Home Regular Contributors Steel and Aluminum Trade War has Local Impacts

Steel and Aluminum Trade War has Local Impacts

David MacLean

Canadian Manufacturers & Exporters (CME) member Argus Machine is an Edmonton-based company that operates an engineering and design facility servicing oil and gas clients from across North America, and they’ve been doing it successfully since 1958. They are caught up in the ongoing trade dispute over steel and aluminum with United States.

Argus and their clients bring raw materials from American suppliers into Canada, where premium threading is applied to drill pipe, casing and tubing in their 100,000 square foot manufacturing facility. Proposed countervailing tariffs imposed by the Canadian government – a retaliation to identical tariffs imposed by the Trump administration – could make it 25 per cent more expensive to do that work here in Alberta. Argus already faces stiff global competition every day. A stiff tariff will mean they are fighting with one arm tied behind their back.

Additionally, the retaliatory list includes a range of manufacturing inputs – like Argus Machines’ – that are not readily available from Canadian sources. Changing suppliers to firms in Asia or Europe isn’t as easy it sounds. Argus has strategically invested in a North American supply chain – a process that takes years. Argus and their 195 employees face possibly their biggest threat since the oil and gas downturn began, and countless companies in Alberta face the same uncertainty.

As my CME colleague, Mathew Wilson, told the Parliamentary Standing Committee on International Trade at the end of June, the current tariffs on steel and aluminum and the specter of a global trade war represent an existential threat to Canadian manufacturing and to the entire Canadian economy.

The federal government was right to impose retaliatory tariffs. They are a just response to the frankly absurd and insulting premise with which the US administration levied steel and aluminum tariffs on Canada. Most manufacturers support the counter tariffs and they understand the political necessity to do so. However, they are also concerned Canadian counter tariffs will have a major impact on their businesses, especially if the tariff fight drags on. There will be pain. The question is “how do we reduce that pain?”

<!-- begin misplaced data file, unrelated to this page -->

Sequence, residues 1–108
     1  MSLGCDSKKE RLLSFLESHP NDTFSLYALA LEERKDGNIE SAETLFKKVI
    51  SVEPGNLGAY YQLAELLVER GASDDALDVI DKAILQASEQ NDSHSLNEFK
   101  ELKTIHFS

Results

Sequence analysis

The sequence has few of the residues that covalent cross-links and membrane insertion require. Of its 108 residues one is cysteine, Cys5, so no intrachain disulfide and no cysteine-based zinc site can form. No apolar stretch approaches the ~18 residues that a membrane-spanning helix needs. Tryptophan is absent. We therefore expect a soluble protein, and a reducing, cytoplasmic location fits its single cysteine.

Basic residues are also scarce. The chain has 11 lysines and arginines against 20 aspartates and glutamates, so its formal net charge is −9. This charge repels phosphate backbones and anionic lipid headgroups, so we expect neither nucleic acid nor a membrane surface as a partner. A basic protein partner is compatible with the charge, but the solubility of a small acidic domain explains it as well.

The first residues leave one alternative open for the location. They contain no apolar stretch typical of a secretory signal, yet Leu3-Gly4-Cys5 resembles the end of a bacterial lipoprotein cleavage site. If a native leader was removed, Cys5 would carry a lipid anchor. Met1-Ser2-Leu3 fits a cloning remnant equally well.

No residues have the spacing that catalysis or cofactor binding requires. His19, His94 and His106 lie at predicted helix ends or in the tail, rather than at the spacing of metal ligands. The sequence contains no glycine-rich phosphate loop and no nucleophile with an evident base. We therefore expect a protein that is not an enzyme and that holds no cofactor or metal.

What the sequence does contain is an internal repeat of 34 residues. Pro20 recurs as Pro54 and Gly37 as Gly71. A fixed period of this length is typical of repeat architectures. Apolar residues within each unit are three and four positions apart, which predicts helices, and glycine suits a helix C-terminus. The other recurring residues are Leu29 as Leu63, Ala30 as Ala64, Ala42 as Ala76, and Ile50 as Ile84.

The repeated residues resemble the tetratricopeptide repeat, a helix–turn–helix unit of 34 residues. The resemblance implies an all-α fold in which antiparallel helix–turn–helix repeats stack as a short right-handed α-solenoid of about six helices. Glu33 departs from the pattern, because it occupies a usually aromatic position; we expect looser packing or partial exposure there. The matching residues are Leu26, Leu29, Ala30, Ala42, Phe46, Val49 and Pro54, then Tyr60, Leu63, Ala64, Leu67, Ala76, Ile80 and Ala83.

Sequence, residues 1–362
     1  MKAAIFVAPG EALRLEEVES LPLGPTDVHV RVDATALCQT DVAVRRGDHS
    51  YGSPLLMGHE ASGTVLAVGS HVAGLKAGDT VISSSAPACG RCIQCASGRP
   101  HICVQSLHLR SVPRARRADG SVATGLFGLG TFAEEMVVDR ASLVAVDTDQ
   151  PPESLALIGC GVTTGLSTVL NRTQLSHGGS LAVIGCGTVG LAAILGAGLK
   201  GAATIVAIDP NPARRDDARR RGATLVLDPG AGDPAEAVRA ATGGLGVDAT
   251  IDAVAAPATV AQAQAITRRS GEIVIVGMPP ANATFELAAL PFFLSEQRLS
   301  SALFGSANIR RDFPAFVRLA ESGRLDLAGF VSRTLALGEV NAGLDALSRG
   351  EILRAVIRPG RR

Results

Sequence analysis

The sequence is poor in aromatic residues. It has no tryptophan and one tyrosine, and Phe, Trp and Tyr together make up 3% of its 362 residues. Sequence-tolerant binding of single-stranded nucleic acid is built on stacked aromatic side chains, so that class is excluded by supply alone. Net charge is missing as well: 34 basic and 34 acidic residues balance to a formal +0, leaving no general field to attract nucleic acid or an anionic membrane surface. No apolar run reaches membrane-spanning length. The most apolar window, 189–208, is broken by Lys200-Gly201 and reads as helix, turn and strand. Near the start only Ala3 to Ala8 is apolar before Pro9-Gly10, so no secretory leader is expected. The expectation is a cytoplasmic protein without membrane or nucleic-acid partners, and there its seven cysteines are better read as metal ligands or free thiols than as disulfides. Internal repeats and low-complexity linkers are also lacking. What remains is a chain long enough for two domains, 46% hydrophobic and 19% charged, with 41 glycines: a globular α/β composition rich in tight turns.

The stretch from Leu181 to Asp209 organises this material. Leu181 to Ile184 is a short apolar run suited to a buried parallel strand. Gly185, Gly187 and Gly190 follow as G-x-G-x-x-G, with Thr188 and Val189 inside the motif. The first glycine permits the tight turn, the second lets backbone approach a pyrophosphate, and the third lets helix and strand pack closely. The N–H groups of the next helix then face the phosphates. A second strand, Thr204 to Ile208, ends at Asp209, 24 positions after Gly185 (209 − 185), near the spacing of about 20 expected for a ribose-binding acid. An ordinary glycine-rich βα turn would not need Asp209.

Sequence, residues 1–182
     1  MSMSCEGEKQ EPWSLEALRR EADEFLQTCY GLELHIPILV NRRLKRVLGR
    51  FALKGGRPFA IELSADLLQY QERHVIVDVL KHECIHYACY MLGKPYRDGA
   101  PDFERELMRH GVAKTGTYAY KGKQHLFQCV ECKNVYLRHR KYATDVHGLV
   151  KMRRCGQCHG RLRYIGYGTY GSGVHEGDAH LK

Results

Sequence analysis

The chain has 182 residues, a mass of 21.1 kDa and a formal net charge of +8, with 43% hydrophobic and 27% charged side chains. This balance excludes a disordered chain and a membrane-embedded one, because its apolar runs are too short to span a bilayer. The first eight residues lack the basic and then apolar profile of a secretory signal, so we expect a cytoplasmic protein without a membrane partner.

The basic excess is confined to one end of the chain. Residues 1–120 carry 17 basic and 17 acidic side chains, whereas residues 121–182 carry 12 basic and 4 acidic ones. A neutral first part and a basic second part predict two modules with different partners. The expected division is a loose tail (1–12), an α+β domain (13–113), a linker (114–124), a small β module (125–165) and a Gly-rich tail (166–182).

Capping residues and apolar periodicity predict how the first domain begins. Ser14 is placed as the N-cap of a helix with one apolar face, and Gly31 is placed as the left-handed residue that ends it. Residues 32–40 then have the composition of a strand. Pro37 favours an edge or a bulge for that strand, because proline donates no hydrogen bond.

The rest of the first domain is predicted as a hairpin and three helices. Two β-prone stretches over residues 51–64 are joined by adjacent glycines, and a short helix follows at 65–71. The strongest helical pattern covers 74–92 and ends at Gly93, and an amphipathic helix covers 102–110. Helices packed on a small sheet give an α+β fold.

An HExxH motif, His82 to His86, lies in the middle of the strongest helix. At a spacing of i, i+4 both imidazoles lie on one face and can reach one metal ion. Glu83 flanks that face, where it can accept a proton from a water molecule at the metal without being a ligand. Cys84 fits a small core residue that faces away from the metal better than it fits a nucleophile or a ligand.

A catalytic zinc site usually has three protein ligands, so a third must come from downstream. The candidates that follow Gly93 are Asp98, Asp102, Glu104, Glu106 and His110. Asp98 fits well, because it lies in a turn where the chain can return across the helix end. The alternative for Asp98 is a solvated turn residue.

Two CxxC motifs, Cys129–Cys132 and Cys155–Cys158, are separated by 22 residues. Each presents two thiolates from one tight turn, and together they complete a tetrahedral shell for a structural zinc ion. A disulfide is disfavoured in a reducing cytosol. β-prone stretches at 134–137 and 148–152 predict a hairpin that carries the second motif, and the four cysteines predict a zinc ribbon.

Our nation’s top priority must be to successfully conclude NAFTA negotiations as soon as possible. NAFTA instability is the true threat to manufacturing and to the entire Canadian economy, while tariff fights are distractions designed to take our eye off the ball.

The government must be careful to not inflict irreparable economic harm on Canada and its most important and trade exposed sector: manufacturing, and the government must take action to support potentially distressed companies to spur investment and weather the storm.

The only way to look at this is situation is “short term pain for long term gain.” Our federal officials need to ignore the distractions and negotiate a new, modernized NAFTA that will boost Alberta exports in the long term. It won’t be easy, but it can be done.

Canadian Manufacturers & Exporters (CME) is the voice of Canadian manufacturing. CME represents more than 2,500 companies who account for an estimated 82 per cent of manufacturing output and 90 per cent of Canada’s exports.